If you fail to file your expat tax return by the appropriate deadline, the IRS may impose a penalty of 5% of any unpaid taxes per month overdue. The maximum penalty is 25% of the total amount of unpaid taxes. In addition to this, your unpaid taxes will begin accruing interest as soon as the April due date has passed. 

2. Failure to Pay Penalty 

If you file your expat tax return but fail to pay the full amount you owe, the IRS may impose a penalty of .05% of any unpaid taxes. The maximum penalty is 25% of the total amount of unpaid taxes. You will also accrue interest on the taxes you owe. 

Important

If you failed to pay or file your expat taxes because you were unaware that it was required, don’t panic. The IRS provides a tax amnesty program called the Streamlined Filing Compliance Procedures that might allow some Americans living abroad to come into compliance without facing any penalties.

Other Tax Extensions 

FBAR Automatic Extension 

Expats with a combined total of at least $10,000 in non-US bank accounts must report this by filing FinCEN Form 114, better known as FBAR. (This applies whether the money is deposited in a single account or spread out over several.)   

Confused about when you need to file? We can help.

When you live in the US, tax day is simple: April 15th! When you move abroad, it’s not so straightforward! Learn about all the expat deadlines and extensions you need to know to file.

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If you are required to submit an FBAR, you must file it electronically using the FinCEN BSA E-Filing System. The standard due date for the FBAR is the same as your tax return (April 15 in most years). However, if you miss that deadline, there’s an automatic extension to October 15. You won’t even need to file a request.   

Failing to file an FBAR can result in severe penalties. If your failure to file is considered non-willful, the annual penalty is $10,000 per account. If your failure is considered willful, the penalty is $100,000 per account per year or 50% of the total amount in a given account, whichever is greater.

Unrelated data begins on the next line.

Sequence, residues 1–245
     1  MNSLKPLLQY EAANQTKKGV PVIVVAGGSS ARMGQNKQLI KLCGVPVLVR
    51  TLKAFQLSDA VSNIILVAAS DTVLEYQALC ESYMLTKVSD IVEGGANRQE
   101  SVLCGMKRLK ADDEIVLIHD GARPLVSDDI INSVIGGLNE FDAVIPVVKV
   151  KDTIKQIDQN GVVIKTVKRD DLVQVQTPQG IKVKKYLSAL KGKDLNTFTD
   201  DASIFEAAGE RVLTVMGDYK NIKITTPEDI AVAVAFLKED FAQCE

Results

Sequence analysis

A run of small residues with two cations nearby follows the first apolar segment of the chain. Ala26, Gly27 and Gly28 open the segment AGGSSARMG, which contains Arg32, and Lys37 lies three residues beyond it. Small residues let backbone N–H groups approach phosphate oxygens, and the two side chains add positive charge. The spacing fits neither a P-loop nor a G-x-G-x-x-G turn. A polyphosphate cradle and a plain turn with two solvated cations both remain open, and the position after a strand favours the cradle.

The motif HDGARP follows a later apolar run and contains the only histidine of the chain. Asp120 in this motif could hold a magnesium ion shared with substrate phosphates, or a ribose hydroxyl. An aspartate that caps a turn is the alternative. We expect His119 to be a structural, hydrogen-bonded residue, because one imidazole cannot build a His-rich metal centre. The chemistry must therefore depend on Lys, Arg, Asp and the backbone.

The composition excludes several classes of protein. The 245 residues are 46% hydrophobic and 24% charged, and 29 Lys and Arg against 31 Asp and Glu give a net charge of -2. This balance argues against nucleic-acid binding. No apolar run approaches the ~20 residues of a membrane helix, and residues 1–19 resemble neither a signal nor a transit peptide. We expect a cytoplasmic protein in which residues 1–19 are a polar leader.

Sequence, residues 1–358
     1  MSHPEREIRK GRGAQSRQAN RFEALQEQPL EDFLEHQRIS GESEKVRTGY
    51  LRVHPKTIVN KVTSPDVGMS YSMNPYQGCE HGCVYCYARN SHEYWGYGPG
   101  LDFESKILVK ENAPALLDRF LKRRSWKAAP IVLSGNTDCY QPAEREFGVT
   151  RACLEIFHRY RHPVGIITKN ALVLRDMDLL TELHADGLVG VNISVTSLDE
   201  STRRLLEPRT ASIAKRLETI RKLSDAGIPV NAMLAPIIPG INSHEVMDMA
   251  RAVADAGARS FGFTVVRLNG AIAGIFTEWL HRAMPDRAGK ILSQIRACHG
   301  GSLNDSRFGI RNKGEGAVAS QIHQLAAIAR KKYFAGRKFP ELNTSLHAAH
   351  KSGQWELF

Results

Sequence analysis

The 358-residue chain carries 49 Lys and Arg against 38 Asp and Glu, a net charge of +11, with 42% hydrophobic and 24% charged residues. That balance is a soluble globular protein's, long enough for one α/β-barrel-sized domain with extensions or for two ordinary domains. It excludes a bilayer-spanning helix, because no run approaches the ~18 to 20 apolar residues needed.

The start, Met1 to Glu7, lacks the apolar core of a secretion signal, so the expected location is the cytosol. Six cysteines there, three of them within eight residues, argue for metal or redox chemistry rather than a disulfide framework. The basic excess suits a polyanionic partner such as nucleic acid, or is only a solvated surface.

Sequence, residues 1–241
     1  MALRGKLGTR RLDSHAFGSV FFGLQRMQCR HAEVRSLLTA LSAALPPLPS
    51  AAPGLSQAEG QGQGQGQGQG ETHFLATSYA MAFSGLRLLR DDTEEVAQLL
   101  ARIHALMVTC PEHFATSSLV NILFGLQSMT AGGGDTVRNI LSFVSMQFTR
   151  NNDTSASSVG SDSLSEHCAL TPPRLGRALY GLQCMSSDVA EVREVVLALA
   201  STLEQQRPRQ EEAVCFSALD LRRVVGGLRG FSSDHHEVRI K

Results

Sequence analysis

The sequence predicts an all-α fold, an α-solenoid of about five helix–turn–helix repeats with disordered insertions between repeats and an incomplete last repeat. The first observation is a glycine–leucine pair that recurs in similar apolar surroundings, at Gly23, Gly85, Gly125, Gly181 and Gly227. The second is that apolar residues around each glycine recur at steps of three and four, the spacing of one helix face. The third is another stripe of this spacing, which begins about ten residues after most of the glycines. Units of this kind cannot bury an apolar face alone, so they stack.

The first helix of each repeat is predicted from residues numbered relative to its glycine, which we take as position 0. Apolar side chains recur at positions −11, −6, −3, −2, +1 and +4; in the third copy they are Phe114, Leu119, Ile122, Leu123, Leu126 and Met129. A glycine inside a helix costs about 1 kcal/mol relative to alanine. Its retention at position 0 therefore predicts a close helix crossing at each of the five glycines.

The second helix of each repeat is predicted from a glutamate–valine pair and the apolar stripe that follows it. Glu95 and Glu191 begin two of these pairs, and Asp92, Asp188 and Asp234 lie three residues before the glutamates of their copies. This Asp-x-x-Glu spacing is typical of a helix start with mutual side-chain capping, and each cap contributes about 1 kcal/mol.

Special Extensions to Qualify for the Foreign Earned Income Exclusion 

Americans living overseas can use Form 2350 to request a filing extension if more time is needed to qualify for the Foreign Earned Income Exclusion. This could extend the time your return is due by one to about two years depending on the specifics of your situation. If you missed the June 15th deadline to file this special extension, you should file your return so as not to be subject to late filing penalties. Later, you can always file an amended return to claim the benefits of the Foreign Earned Income Exclusion, which almost always results in a refund. 

State Tax Return Extensions 

In addition to filing a Federal Tax Return, some expats are also required to file a State Tax Return. Unfortunately, the automatic expat tax extension only applies to your federal return. While you may still be able to extend your State Tax Return, the rules will vary from state to state. To learn more, review the details provided on your state’s website

Get Help Filing Your Tax Extension 

We hope this guide has helped you understand the expat tax extensions available for Americans living overseas. If you’d like help with your expat taxes, we’d be happy to lend a hand. 

If you’re ready to be matched with a Greenback accountant, click the get started button below. For general questions on expat taxes or working with Greenback, contact our Customer Champions